The fireworks have been going nonstop in China to celebrate the beginning of Spring Festival (Chinese New Year 4713). In honor of the change from Horse Year to Sheep, some of the residents of our healing homes donned a pretty adorable lamb outfit, although their reactions were a wee bit mixed.
Tag Archives: china
Some of the most vulnerable children we help are babies who are born prematurely, many weighing just 1 kg. The standard of care for these tiny newborns usually includes being kept under a warmer or in an incubator, with constant monitoring of their breathing, temperature, and heart function. Many babies require oxygen supplementation and sometimes even the use of a ventilator. That is why it is so remarkable to us when orphanages call us to help preemies who were found abandoned outside and who often were not found for hours after delivery. They are the tiniest warriors, and their strength continually humbles us. Read more.
It always warms our hearts when organizations in China pull together to help kids in need.
Over the past year, three children with vision issues who were previously in LWB programs have moved to the care of Bethel China. Bethel provides highly specialized care for children with vision issues of all severities in a loving, home-like environment. We shared the stories of these three kids shortly after they moved to Bethel. We recently received an update, so we thought you might like to see how well these kids are doing. Read more.
When our team arrived to the hospital on Wednesday morning, it was time to say goodbye to several of our young patients.
Ted, Robert Owen, and Paul were the first to be discharged. Our team is going to miss them so much! Their repairs look beautiful, and Dr. Ness’s mom had made little hats which we put on them before they left for the train station. Our warmest thoughts go with them as they travel back. Read more.
While on my recent trip to China, I was able to visit several of the foster care programs we run there. Currently LWB has foster care in 18 Chinese cities, and we are always looking to expand to new locations because we believe so strongly that children do best being raised in quality family care.
At every location, I would visit both the local orphanage and then children in home care. Again and again, I was struck by the developmental differences between the two groups of children. Babies need families – pure and simple. And now, with the vastly changing population of orphaned children who almost all have special needs, I believe it is more important than ever to get orphaned children out into the local communities so that everyone can come to understand how amazing these kids are. Read more.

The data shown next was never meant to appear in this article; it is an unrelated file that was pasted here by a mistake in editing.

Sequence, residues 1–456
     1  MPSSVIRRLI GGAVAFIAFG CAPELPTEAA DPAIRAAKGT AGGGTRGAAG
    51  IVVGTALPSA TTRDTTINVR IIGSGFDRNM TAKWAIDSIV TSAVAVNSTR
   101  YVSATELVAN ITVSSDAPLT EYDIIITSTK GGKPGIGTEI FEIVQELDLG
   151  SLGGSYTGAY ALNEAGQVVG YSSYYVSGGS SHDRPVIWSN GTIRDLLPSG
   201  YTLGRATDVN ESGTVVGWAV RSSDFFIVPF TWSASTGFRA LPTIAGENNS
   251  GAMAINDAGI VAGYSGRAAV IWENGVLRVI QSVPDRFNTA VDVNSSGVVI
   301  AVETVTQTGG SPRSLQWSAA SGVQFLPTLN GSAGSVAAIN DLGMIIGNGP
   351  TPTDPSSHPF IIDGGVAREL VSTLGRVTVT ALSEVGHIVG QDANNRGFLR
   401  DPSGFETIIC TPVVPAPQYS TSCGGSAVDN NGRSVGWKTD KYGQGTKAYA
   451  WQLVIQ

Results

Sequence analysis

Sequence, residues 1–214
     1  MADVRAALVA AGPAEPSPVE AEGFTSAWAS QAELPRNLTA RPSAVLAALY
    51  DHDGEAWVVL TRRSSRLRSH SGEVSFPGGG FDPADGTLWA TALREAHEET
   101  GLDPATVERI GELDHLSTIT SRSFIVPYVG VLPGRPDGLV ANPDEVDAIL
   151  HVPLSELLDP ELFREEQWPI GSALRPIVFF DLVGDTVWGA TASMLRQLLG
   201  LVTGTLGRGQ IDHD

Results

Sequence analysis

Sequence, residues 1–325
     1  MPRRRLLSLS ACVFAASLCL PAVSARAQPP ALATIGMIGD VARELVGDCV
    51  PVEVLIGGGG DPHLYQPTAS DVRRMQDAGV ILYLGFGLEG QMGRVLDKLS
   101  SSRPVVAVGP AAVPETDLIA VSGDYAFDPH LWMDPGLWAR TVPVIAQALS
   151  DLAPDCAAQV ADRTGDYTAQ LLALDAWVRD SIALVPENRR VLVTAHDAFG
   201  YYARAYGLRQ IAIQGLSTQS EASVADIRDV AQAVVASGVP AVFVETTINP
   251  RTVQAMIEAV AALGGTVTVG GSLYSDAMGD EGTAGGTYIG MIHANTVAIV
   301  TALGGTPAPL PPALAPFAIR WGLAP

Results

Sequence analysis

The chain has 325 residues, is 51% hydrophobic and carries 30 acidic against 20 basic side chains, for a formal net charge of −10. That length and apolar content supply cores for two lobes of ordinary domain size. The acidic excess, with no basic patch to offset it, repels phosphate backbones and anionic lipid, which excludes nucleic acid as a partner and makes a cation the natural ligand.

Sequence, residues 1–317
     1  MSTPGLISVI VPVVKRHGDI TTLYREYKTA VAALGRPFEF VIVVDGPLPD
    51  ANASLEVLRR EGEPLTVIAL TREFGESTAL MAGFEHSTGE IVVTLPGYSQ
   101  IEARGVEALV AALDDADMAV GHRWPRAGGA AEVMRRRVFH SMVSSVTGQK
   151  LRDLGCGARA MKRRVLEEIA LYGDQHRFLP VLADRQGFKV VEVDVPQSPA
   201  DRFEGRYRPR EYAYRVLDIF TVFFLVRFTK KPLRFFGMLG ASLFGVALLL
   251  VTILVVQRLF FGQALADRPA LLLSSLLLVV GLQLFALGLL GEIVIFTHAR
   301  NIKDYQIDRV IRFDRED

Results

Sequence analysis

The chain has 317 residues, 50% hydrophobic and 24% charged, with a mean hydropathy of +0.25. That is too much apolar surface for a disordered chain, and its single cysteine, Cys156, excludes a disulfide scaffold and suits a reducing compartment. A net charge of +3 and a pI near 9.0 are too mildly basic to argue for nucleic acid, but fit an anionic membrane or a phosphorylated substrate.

Rob is a new arrival to LWB’s Anhui Healing Home (AHH), but he is not new to LWB. Rob just arrived from LWB’s Starbridge Healing Home, where he put on his first five pounds in just a couple of short months. Sometimes our healing home bed planning involves moving babies to the home that is nearest to the best medical care for their needs. Rob swapped with another baby for exactly that reason, and we are all delighted to welcome him at AHH. Read more.
Last week, a tiny baby boy came into the world weighing just 1 kg. When he was found outside, he was taken to the local orphanage. Staff there called LWB immediately to see if we could help him, as his body was extremely cold and he was spitting up green fluid.
We moved this fragile preemie to the biggest children’s hospital in his province, where he remains today fighting for his life. Read more.
In honor of Down Syndrome Awareness Month, LWB is posting a series of blogs about adopting a child with this special need.
“Aren’t you terrified your child will have Down syndrome?” Those were the first words my friend asked me when I told her my husband and I were expecting our first child. I was slightly taken aback; the possibility hadn’t really struck me – and if it had, well, Down syndrome seemed like such an easy disability to face.
In mid August, a tiny baby girl was found abandoned with an extremely bloated stomach. She was taken to an orphanage in rural Anhui, and the staff there called LWB immediately. We moved her urgently to Anhui Children’s Hospital for testing, and doctors diagnosed her with severe malnutrition and blood poisoning. They estimated her to be approximately 5 months old even though she weighed just 2 kg. Little Jillian, as she was named by our volunteers, had a long road ahead of her to survive. She was immediately given blood transfusions because of her extreme anemia. Read more.